Hepatitis C medicines must be made accessible faster than HIV drugs were
It took decades for HIV/Aids drugs to reach the world's poorest – history must not be repeated with hepatitis C treatments.10 Mar 2014
A public health showdown is brewing over a virus that affects the lives of millions of people every year. The face-off will involve activists on one side and pharmaceutical companies on the other. It will play out in the richest cities in North America and the poorest countries in Africa. The viral scourge at the centre of this brewing confrontation is spread through blood-to-blood contact, but is treatable with expensive medicines.
This scenario may remind some of the decades-long struggle to obtain access to life-saving medicines for HIV and Aids. But here we are talking about another public health threat: hepatitis C.
An estimated 150-180 million people worldwide are infected with hepatitis C, and up to 500,000 die every year. The virus attacks the liver, yet the vast majority of people are unaware they are infected because the initial stages have no symptoms. It is the long-term effects that can be the most devastating: cirrhosis, liver cancer and liver failure.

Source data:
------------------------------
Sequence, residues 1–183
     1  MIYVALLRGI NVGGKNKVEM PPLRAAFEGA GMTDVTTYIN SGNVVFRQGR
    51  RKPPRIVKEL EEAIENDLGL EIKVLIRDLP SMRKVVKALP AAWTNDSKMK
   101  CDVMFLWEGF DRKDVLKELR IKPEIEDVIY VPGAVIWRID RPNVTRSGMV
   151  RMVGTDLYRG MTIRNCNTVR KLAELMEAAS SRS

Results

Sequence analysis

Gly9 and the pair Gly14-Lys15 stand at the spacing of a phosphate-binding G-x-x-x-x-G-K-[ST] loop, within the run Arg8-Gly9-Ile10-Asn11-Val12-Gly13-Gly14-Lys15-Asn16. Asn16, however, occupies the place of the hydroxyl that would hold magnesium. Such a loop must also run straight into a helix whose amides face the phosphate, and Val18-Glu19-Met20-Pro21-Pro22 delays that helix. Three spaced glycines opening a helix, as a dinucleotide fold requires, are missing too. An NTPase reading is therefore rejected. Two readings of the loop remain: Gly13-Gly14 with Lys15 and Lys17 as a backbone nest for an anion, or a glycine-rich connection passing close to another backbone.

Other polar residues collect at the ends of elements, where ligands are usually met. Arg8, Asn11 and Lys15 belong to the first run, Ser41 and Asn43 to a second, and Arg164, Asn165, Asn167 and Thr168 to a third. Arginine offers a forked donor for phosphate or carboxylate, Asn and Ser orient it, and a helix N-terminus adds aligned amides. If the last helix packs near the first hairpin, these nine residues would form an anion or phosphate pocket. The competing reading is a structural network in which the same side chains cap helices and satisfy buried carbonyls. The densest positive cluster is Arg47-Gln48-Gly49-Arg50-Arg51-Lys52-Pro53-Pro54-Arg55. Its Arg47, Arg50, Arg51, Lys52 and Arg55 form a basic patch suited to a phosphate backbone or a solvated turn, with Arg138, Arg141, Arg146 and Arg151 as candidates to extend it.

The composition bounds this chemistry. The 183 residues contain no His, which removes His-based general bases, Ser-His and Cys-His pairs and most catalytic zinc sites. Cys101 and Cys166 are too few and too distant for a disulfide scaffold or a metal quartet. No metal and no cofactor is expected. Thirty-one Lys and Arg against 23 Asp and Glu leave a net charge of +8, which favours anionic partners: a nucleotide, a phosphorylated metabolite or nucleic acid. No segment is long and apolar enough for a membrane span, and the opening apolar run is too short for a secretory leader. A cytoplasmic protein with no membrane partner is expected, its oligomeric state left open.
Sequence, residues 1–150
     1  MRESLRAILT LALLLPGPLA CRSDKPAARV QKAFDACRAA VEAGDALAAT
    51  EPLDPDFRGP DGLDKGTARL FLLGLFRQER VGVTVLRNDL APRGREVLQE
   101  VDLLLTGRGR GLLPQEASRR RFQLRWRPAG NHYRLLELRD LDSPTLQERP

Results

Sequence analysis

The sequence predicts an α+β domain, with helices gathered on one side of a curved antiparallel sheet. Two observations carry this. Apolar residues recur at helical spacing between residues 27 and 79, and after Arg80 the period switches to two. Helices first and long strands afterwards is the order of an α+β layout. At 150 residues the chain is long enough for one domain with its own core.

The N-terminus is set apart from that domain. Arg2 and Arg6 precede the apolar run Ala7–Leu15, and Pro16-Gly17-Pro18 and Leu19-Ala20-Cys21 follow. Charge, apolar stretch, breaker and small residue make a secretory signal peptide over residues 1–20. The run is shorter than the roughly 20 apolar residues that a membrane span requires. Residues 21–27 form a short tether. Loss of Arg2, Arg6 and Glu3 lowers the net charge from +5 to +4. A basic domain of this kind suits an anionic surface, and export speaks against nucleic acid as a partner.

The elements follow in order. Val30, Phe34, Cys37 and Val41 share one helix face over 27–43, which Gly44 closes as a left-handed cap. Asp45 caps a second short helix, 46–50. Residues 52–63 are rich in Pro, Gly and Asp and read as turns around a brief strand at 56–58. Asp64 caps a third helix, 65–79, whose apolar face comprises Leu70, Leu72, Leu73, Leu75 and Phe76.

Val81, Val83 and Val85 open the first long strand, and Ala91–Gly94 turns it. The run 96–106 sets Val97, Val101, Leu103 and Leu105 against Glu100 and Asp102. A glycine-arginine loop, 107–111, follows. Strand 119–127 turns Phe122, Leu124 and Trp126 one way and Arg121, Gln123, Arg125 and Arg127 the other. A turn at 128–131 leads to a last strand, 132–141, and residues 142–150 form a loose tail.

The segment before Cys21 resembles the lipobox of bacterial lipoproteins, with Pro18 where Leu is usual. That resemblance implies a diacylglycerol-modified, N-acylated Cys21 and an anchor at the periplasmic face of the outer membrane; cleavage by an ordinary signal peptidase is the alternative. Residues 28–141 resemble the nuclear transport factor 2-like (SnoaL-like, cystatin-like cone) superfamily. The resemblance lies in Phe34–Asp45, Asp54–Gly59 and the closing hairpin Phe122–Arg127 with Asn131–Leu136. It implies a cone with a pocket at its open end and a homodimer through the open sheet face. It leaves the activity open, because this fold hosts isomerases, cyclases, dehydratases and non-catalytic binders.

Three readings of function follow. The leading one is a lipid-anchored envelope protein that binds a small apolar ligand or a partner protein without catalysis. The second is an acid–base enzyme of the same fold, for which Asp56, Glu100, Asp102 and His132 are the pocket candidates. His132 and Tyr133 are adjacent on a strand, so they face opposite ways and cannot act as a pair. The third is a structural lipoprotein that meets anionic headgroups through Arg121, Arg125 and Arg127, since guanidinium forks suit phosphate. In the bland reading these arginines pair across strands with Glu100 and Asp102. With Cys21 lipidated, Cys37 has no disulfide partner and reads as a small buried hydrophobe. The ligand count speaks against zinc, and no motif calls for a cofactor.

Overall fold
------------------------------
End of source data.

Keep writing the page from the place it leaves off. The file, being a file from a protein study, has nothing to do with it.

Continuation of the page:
But battle lines are being drawn over the cost of the treatments. Two products were approved by the US Food and Drug Administration recently, including the first pill that does not require a complementary injection. The pill, sofosbuvir, costs $84,000 (£50,370) for a 12-week course. Echoing the concerns of HIV activists who demanded cheaper treatment, protesters point out that such prices will keep hepatitis C drugs beyond the reach of those in need.
The similarities with HIV and Aids do not stop there. Hepatitis C is a leading cause of death for people with HIV. Approximately 5.5 million people have both diseases, so just as people with HIV are living longer thanks to powerful medicines, some are being struck down by hepatitis C.
A decade ago, the high price of HIV treatment meant that access was limited in developing countries. Today, almost 10 million people in low- and middle-income countries are able to receive life-saving HIV medicines, thanks to generic competition slashing prices from $10,000 in the mid-1990s to just $140 a year. The success in providing HIV treatment to the world's poorest people can pave the way to ending hepatitis C.